eSports is Coming to St. Paul’s

(COVINGTON, La.) Students of St. Paul’s, no longer will you get in trouble for playing video games on campus, thanks to the school’s future eSports team.

Art teacher Andrew Dart will be the coach for the new team and never planned on joining or creating one, but is excited for what’s to come.

Coach Andrew Dart has already created jersey concepts for the future team (photo: @spsesports twitter)

“Let me stop you right there.  It’s not a club; it’s an officially sanctioned sport,” Dart said when mistakenly asked about the new “club.” 

“It’s actually a funny story,” Dart continued. “I didn’t want to be part of the ‘club,’ this wasn’t my idea at all. I was in Monroe, Louisiana, two weeks ago coaching the tennis team to a respectable finish to the season at the state finals matches. I get an email from Bro. Ray (Bulliard), and Craig Ketelson, and I was immediately both curious and concerned seeing their names on the email notification. The president of the school and athletic director had just contacted me while I’m away with the team, surely something must be wrong.

“To my surprise, and to make a long story short, they said, ‘We want an eSports team, will you do it?’ I eagerly accepted. I am beyond thrilled to have it here at St. Paul’s because it will provide a venue for those not engaged in traditional sports to have an outlet for team play, and all that goes along with being a part of a highly competitive team.  I’m excited to see where this leads.”

For those who are unaware, eSports is a growing form of entertainment and has been for many years now.

Poster promoting the future team have been placed around the campus. (photo: Daniel Wieseneck)

“eSports has been a thing for many years, reaching prominence in the United States in the past decade,” Dart said. “It’s a $700 million industry this year, projected to reach $1.5 BILLION by 2020.  The most recent eSports competition for a single tournament was over $20 million. Needless to say, eSports are as much a competitive sport as any of the ‘traditional’ sports that get televised. The negative stigma of competitive video games as a sport has been broken a long time ago, and anyone that thinks otherwise is being willfully ignorant as to what constitutes competitive sporting. ‘What do people get out of watching guys play video games?’ someone will say. To which I point out that the Zurich Classic isn’t really riveting television to most (sorry, Coach Barwick). People just like to watch different elements of the myriad sports available to us.”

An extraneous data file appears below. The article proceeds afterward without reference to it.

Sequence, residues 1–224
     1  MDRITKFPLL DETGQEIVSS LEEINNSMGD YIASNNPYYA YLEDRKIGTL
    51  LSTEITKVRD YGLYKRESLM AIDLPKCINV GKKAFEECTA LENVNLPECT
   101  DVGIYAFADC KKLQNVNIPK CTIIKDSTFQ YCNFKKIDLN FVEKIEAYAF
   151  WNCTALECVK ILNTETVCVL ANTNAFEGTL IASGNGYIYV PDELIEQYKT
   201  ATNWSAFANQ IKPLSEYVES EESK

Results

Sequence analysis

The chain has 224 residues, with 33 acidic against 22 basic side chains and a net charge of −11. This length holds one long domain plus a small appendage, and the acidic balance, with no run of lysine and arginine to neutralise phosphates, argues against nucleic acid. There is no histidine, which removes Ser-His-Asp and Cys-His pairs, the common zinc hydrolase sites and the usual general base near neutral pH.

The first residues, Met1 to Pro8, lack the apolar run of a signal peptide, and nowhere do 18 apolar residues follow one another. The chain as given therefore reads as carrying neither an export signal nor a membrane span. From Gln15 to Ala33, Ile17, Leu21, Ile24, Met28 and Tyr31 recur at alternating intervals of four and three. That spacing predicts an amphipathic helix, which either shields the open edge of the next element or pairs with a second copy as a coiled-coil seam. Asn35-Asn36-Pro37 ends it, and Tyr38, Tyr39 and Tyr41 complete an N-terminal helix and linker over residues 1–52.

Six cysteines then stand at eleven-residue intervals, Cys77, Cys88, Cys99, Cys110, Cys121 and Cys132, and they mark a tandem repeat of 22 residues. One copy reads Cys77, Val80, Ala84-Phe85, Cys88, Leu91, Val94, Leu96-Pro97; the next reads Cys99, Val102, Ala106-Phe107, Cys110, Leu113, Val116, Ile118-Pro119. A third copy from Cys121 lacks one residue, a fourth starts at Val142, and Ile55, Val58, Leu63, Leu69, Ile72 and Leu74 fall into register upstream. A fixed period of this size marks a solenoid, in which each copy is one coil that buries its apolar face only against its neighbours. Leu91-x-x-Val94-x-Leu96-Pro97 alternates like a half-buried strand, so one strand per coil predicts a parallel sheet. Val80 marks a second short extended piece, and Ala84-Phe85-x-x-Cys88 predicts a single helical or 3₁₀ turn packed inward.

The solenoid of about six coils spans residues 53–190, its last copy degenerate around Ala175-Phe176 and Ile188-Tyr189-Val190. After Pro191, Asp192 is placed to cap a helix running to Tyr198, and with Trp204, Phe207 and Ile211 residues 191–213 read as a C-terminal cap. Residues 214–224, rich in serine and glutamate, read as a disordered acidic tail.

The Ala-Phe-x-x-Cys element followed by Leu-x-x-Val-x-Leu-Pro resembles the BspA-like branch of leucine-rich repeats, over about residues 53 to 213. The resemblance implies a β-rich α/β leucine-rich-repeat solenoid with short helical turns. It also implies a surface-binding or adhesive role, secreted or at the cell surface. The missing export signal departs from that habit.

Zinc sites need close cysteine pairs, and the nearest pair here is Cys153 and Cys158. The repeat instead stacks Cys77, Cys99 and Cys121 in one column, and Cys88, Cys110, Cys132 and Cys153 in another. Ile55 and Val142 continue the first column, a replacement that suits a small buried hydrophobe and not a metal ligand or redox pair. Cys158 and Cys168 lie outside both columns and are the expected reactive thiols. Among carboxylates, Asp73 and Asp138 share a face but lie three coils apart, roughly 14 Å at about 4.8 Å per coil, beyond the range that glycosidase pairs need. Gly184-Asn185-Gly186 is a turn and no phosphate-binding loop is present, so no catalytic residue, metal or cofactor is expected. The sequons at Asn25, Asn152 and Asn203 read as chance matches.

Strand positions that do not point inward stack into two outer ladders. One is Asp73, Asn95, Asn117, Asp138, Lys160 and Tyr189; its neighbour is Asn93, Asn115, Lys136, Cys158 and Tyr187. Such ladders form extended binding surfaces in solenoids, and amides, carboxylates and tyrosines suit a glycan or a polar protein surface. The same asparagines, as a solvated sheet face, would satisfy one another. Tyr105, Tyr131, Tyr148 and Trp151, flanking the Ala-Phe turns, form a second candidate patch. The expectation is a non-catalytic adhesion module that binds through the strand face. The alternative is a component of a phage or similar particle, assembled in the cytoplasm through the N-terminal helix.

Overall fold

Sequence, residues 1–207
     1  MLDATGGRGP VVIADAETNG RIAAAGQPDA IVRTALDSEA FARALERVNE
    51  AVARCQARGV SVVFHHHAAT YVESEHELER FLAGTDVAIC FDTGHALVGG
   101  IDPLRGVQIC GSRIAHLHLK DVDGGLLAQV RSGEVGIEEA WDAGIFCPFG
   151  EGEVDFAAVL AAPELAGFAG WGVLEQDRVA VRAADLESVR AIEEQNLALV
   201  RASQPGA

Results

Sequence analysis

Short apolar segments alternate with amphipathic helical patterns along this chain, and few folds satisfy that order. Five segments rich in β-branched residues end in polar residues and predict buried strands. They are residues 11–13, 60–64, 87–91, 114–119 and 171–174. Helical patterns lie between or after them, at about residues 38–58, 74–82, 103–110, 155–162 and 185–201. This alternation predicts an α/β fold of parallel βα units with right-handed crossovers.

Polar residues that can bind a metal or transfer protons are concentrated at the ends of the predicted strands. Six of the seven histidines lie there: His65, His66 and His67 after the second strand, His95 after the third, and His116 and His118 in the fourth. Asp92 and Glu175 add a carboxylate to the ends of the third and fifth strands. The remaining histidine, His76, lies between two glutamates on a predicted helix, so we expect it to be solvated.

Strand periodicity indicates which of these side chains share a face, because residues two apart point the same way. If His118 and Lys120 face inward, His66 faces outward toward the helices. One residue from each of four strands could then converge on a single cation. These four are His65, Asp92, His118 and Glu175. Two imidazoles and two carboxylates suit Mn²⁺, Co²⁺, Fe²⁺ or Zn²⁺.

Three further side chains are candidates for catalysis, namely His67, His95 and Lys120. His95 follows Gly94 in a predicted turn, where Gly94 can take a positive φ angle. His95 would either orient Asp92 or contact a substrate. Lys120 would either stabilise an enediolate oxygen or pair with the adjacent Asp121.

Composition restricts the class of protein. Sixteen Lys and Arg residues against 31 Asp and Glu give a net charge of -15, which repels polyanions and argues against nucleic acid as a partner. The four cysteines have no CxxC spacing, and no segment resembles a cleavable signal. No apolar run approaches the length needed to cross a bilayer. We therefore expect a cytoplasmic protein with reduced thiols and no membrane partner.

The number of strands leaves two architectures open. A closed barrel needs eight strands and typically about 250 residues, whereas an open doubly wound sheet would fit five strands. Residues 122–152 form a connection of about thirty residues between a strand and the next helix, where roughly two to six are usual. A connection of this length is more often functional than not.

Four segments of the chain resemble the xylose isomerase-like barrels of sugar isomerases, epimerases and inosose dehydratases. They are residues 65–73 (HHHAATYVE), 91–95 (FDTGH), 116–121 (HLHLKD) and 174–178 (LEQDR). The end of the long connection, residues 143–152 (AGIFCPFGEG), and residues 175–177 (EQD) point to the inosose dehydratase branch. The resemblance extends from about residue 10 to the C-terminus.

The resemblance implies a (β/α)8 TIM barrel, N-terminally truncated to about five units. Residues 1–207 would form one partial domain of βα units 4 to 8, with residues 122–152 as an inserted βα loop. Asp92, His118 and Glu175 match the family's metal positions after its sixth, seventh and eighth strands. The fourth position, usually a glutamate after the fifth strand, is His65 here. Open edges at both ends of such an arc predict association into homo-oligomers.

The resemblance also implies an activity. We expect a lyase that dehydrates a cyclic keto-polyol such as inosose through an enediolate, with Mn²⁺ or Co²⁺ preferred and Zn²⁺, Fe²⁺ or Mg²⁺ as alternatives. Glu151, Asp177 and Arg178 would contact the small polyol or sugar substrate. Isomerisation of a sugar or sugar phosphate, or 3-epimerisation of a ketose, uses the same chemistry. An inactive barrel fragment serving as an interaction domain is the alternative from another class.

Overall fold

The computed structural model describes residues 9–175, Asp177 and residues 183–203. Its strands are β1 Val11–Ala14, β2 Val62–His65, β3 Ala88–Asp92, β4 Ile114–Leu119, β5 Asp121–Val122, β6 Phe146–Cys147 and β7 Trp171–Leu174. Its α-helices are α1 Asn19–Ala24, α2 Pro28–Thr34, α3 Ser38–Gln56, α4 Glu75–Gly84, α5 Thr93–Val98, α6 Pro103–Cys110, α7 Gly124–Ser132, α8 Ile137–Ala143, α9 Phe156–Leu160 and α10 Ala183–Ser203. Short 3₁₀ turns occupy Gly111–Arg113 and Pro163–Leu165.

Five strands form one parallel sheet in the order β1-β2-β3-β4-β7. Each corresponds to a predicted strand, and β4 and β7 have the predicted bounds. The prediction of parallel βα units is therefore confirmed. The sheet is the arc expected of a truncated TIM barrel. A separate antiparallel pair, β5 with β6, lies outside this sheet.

The sport has been officially sanctioned by the National Federation of State High School Athletics, and the team will operate as a traditional sport with a season and organized matches.

“We will play weekly matches against ranked opponents in our conference (each state is divided into four conferences) and earn our way into the single-elimination tournament at the end of the season,” Dart said. “Seasons run from October to January.”

Students interested in joining the sport must sign up with Coach Dart. An initial meeting was held on May 10, 2018, but students may still sign up with Coach Dart who were not able to attend. Coach Dart is looking for students who possess the qualities of team players and that will recognize the necessary work to build St. Paul’s as a top-tier level school. Interested students can contact Coach Dart at esports@stpauls.com.

Fans and potential team members can also follow the SPS eSports Instagram and Twitter accounts @spsesports.

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